It’s not easy to write the kind of book that Jamaican-born coach and facilitator Marguerite Orane has produced. It may look easy to write a thoughtful but cheerful memoir (of sorts) that “keeps it real” about family, migration and ageing. But to get the right tone – not to be too self-indulgent, but to be open enough to draw the reader in – is not a simple task. It is a bit of a balancing act, in fact. Actually, I sense that the author’s life (so far) has been just that – all about balancing. I think we women do a lot of it, almost subconsciously.
I recently met Marguerite at the Caribbean Community of Retired Persons (CCRP) Christmas sale in Kingston. She was signing and selling copies of her book “Forget It! What’s the Point?” which has the subtitle “Letting Go and Claiming Joy.” She kindly signed a copy for me. She was flying back “home” to Toronto, Canada, where she currently lives, the following day – which prompted a little chat about the meaning of that word. For immigrants like her (and me) it can be complicated.
Marguerite tackles the “home” dilemma rather nicely in her chapter titled “From Home.” They are short chapters, each subtitled with a brilliant Jamaican proverb (which her dear friend Yvonne McCalla Sobers helped her select). This one was :
Learn fi dance a yard before yuh dance abroad.
This means, roughly, that one should learn skills at home before one does the same elsewhere. Practice. I’m not sure that I had practised moving to Jamaica over thirty years ago; but we were, in fact, ready to do so. Clearly, also, Marguerite was ready to move to Canada in 2009, for all sorts of reasons. She is now a Canadian citizen. She was despondent about Jamaica, her birthplace, and its failed promise. The education system has failed young people, she believes; they are “ill-prepared for the economic needs of the 21st century.” She felt disappointed in her country and concerned for her fast-growing children’s future. Yes, this can happen: disillusionment, a sort of regretful, almost reluctant falling out of love with the country of one’s birth.
To be a Jamaican who has migrated overseas, and who sees people’s faces light up when the name of one’s country is mentioned, must be a strange experience. As Marguerite observed, Jamaica almost holds magic in others’ eyes. I have noticed this when travelling, and people ask us where we are from. When we were staying in Vermont in October, we almost had an aura around us, in this quiet small state. A kind of glamour, even! “They’re from Jamaica.”
Yet…Marguerite observes: “Yet, Jamaica does not nurture, and so many Jamaicans succeed in spite of, not because of.”
As for “home” – like Marguerite, I also experience “a strange feeling of detachment” when I return to the country of my birth. Like her, there are places with strong personal, family memories for me. However, I feel a step removed – almost a tourist in my own country. Next time we go (apart from visiting sister, grandchildren, sons, and my parents’ grave) I would like us to do just that – embrace our quasi-tourist status and do some sightseeing. Otherwise, it begins to feel like an awkward peeking through a window into the past – from a very different present – and finding the panes of glass distort things. It’s not clear, any more.
There were several things that I could personally relate to in Marguerite’s story. Her thoroughly enjoyable family stories are her own – but I could personally relate to her accounts of working from home, having one’s own space and time to enjoy (something I have done for the last few years); her love of coffee (yes, it is a special love!) with a very detailed account of how she makes it; her leaning towards a spiritual grounding; and her love for her dogs. There is even one chapter in which she tries to figure out how her dogs felt about moving to Canada, the hours of separation. “Do dogs know emotions? Do they consciously choose them?” I often wonder what my devoted dog Freddie is “thinking” when he gazes straight into my eyes. I guess it’s just plain love.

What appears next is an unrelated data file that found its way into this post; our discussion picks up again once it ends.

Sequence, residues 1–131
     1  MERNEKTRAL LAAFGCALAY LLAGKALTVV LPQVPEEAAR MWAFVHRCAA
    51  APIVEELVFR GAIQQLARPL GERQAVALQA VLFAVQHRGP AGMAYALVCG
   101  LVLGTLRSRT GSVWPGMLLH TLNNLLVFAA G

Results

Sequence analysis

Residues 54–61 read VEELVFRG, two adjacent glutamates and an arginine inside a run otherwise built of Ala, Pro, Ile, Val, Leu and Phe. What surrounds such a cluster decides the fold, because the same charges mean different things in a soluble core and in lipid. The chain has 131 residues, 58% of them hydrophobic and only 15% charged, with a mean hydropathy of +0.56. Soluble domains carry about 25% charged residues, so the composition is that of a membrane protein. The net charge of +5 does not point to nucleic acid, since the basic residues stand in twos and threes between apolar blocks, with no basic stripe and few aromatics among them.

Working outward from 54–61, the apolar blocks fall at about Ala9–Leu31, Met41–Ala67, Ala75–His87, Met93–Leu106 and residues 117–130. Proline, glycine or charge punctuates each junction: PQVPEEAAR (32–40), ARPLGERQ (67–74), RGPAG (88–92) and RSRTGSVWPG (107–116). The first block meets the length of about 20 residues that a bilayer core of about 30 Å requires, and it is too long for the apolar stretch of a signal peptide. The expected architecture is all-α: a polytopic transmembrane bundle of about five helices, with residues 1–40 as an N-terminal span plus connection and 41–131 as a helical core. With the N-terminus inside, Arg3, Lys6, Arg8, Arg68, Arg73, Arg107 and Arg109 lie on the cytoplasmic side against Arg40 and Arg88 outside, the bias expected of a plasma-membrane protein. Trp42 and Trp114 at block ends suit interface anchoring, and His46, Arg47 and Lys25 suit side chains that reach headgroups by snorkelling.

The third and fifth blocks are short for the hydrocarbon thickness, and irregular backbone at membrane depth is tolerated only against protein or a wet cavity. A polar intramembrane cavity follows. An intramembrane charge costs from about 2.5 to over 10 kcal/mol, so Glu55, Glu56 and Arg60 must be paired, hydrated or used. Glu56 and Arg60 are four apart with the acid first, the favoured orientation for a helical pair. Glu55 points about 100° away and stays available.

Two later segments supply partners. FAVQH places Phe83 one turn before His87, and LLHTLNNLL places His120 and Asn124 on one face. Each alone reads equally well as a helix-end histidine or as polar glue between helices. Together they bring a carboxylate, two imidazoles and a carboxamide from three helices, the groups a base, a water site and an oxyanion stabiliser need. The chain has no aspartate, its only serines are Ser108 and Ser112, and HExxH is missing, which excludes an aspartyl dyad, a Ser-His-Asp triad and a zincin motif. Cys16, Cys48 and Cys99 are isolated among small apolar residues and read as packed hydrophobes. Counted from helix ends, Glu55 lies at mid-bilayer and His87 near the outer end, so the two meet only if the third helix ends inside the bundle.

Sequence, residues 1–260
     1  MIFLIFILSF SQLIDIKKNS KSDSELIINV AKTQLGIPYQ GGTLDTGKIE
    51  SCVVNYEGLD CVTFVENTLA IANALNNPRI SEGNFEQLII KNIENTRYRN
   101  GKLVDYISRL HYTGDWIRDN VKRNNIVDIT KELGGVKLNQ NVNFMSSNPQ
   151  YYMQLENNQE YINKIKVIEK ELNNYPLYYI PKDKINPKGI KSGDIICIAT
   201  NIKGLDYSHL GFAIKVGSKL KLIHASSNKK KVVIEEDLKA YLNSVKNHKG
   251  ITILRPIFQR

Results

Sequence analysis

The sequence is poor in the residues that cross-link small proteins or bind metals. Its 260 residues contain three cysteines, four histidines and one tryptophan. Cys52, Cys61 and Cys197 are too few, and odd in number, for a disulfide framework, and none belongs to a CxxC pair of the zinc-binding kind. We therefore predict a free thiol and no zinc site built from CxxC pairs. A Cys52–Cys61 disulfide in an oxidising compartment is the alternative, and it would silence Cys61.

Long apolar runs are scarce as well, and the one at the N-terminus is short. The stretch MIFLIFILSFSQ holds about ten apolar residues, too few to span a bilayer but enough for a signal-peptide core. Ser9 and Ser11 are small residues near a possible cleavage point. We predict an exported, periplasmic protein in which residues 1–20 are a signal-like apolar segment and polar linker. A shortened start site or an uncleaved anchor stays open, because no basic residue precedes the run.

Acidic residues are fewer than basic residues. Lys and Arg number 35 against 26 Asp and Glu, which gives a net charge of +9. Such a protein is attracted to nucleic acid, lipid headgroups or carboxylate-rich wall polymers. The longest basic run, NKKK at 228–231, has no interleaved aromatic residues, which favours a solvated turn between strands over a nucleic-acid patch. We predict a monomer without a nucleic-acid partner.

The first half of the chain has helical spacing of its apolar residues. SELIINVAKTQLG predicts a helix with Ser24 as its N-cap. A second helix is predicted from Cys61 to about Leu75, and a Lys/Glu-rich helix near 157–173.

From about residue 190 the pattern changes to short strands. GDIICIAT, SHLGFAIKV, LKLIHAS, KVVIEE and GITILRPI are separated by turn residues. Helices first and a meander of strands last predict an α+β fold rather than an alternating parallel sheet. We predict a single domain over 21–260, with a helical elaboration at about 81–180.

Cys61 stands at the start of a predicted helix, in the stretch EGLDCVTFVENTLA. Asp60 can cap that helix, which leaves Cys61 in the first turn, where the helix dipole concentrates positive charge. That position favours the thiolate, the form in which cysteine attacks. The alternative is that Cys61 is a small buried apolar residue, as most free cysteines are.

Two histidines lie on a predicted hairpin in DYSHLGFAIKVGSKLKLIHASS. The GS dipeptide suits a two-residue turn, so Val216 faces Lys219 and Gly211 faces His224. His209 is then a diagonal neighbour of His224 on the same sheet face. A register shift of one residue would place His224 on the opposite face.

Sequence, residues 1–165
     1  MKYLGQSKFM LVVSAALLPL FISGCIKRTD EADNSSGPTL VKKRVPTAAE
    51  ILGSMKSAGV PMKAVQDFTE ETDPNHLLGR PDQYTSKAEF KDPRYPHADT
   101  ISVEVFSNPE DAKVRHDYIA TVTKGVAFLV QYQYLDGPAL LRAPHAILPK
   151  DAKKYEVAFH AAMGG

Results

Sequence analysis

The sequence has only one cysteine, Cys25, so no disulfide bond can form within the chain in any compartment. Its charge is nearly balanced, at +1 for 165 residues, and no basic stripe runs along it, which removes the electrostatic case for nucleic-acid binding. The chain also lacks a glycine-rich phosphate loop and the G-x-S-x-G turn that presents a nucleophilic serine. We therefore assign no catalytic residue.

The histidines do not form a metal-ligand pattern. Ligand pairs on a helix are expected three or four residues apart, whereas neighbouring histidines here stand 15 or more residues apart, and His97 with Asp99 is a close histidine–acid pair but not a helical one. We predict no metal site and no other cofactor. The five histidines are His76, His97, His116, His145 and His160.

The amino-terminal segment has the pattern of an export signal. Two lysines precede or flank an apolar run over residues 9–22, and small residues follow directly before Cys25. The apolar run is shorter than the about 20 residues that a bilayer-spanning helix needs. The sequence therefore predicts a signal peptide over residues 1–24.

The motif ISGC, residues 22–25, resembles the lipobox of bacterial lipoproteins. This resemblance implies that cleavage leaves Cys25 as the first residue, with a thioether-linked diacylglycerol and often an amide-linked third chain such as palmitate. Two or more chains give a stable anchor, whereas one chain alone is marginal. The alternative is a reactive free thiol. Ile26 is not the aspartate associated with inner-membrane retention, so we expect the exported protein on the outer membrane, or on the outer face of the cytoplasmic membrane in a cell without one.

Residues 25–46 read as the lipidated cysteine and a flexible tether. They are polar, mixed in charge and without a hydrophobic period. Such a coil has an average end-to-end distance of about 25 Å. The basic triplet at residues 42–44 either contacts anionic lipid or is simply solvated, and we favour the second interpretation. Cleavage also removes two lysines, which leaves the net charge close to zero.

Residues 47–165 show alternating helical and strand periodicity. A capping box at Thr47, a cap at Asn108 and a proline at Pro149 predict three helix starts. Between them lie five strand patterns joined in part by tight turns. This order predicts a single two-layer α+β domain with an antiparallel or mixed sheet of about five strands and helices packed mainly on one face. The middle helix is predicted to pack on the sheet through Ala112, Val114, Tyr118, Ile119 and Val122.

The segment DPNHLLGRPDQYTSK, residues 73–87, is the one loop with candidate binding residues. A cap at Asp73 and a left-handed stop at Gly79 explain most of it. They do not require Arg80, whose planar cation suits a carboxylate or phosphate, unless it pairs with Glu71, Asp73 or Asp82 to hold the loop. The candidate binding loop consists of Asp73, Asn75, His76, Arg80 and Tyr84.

So, where does the title come in? It was a frequent comment made by Marguerite’s beloved mother Daisy. Marguerite describes the stress – and the guilt – of losing a family heirloom, a diamond earring, and breaking her mother’s favourite mug. It’s hard to let go of the small things. Since my parents died I have had similar problems; I cling to small things – some of them very small, like the St. Christopher my own mother always carried with her when she was travelling. There are small everyday things – words unsaid, deeds undone, commitments unfulfilled – that worry me, in the back of my mind, almost on a daily basis. I try to banish them. What’s the point? Goodness, we women also love to feel guilty, don’t we, though…
It’s all about perspective. In the scheme of things, it doesn’t matter, Marguerite’s mother wisely pointed out. It’s all “water under the bridge.” What matters is the Now. And, as the Jamaican proverb goes:
What a fi yu, cyaan be un fi you.
What is yours, cannot no longer be yours. We still own that little thing, that memory, the love that surrounded it. So, why worry, because that love is still there…
You can find Marguerite on Instagram and Facebook (marguerite.orane) and on Twitter @margueriteorane. She also writes a blog at http://www.margueriteorane.com. Or email her at email@example.com. She is also the author of Free and Laughing: Spiritual Insights in Every Day Moments, in which she presents six principles: Be Present, Observe, Release, Accept, Trust and Love.
By the way, Marguerite’s older brother is Douglas Orane, the now-retired former Chairman and CEO of GraceKennedy Limited. He formally retired from the Board on May 30 this year. I attended the launch of Mr Orane’s book – The Business of Nation Building: Excerpts from the Selected Speeches of Douglas Orane – back in May 2016 and reviewed the book here.